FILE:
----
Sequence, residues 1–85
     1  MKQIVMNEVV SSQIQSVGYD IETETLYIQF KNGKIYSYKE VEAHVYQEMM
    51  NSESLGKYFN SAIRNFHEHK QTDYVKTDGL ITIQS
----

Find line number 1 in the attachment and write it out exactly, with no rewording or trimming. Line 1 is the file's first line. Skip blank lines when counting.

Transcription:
Sequence, residues 1–85